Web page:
Engines in Formula 3 are all two-litre, 4-cylinder naturally-aspirated engines. Engines must be built from a production model block, and often must be sealed by race or series organizers, so that no private tuning can be carried out. Honda engines (tuned by Mugen) have perennially been popular, as have engines produced by Volkswagen, Alfa Romeo, or Renault. Currently Mugen, Toms-Toyota, Speiss-Opel, and Mercedes are the most popular engines.

There has never been a World Championship for Formula Three. In the 1970’s and into the 1980’s the European Formula Three Championship was the most important series. With the demise of that series, national championships took prominence, with the British Formula Three Championship gaining special prominence with a number of future Formula One champions, such as Nelson Piquet, Ayrton Senna, and Mika Häkkinen coming from this series. France, Germany, and Italy also had important Formula Three series. Brazil’s SudAm Formula Three championship was known for producing excellent drivers who polished their skills in the British Formula Three championship. Perhaps the most curious of all was the small Japanese Formula Three championship. Although few drivers spent a significant amount of time there, future stars such as Michael and Ralf Schumacher and Jacques Villeneuve claimed victories there. For 2003, the French and German F3 series merged to recreate the European Formula Three Championship. The most recent Formula One racer to come out through Formula Three ranks is Narain Karthikeyan, the first ever Indian to take part in Formula One.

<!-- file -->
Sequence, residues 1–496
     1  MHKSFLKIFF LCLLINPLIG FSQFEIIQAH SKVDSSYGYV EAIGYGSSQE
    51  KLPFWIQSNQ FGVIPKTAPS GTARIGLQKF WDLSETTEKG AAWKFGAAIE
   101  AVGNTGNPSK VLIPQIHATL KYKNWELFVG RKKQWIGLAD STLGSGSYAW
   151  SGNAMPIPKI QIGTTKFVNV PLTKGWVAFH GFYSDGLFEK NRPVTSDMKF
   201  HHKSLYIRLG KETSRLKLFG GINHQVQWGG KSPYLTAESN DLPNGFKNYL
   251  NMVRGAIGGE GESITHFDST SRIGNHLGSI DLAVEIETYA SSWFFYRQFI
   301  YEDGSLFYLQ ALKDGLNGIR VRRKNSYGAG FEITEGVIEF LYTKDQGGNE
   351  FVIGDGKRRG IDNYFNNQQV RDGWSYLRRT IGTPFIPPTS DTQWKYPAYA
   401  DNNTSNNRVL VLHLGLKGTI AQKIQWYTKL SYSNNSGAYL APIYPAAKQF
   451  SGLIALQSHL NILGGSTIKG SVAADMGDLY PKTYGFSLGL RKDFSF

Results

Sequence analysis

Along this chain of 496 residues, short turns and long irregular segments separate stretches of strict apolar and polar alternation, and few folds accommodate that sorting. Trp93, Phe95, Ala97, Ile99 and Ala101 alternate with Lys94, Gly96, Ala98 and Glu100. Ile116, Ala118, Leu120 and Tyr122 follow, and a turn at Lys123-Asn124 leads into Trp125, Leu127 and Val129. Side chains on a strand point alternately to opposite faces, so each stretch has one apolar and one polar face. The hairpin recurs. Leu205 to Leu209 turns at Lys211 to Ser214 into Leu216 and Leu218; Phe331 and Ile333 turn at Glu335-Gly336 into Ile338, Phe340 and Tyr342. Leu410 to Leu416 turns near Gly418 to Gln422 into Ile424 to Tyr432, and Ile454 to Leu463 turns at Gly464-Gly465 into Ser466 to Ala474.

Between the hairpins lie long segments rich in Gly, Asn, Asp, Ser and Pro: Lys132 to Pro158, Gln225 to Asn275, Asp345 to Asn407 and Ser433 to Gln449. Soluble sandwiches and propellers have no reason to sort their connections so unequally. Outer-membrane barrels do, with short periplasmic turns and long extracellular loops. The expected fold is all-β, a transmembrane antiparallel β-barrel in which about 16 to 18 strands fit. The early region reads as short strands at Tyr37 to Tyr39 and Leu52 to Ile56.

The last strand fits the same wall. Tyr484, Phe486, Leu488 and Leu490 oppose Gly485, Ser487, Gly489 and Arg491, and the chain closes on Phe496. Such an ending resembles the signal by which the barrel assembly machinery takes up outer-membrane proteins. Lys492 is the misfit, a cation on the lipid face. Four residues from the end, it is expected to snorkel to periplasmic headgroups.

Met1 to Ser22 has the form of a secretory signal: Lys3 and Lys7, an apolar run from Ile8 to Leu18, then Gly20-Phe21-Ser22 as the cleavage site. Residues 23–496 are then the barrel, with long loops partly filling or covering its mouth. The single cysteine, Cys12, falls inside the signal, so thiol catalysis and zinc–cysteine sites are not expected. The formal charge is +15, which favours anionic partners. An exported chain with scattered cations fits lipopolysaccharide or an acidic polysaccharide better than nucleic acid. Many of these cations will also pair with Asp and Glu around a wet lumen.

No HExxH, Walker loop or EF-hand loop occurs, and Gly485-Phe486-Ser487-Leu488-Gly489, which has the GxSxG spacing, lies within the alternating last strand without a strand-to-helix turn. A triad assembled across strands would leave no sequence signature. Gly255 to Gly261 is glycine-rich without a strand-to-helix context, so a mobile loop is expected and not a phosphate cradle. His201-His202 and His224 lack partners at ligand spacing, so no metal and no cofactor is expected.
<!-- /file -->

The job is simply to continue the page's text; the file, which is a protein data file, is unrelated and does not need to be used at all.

In addition to the many national series, Formula Three is known for special races, the best-known of which is the Macau Grand Prix. The first Formula Three Grand Prix of Macau was held in 1983 and won by Ayrton Senna. Michael Schumacher and David Coulthard have also taken victory in this race, traditionally the end of the Formula Three season, where drivers from almost every national series participate. Other major ‘crossover’ races include the Grand Prix of Pau, the Marlboro Masters of Zandvoort, and the Korean Superprix at Changwon. These events give fans off the major circuits a chance to experience the excitement of a Grand Prix weekend.

The Monaco F3 Grand Prix held until 1997 was also a famous special race. It has been restored for 2005 as a part of the F3 Euro fi:Formula 3


Academic Kids Menu

  • Art and Cultures
    • Art (
    • Architecture (
    • Cultures (
    • Music (
    • Musical Instruments (
  • Biographies (
  • Clipart (
  • Geography (
    • Countries of the World (
    • Maps (
    • Flags (
    • Continents (
  • History (
    • Ancient Civilizations (
    • Industrial Revolution (
    • Middle Ages (
    • Prehistory (
    • Renaissance (
    • Timelines (
    • United States (
    • Wars (
    • World History (
  • Human Body (
  • Mathematics (
  • Reference (
  • Science (
    • Animals (
    • Aviation (
    • Dinosaurs (
    • Earth (
    • Inventions (
    • Physical Science (
    • Plants (
    • Scientists (
  • Social Studies (
    • Anthropology (
    • Economics (
    • Government (
    • Religion (
    • Holidays (
  • Space and Astronomy
    • Solar System (
    • Planets (
  • Sports (
  • Timelines (
  • Weather (
  • US States (


  • Home Page (
  • Contact Us (

  • Clip Art (
Personal tools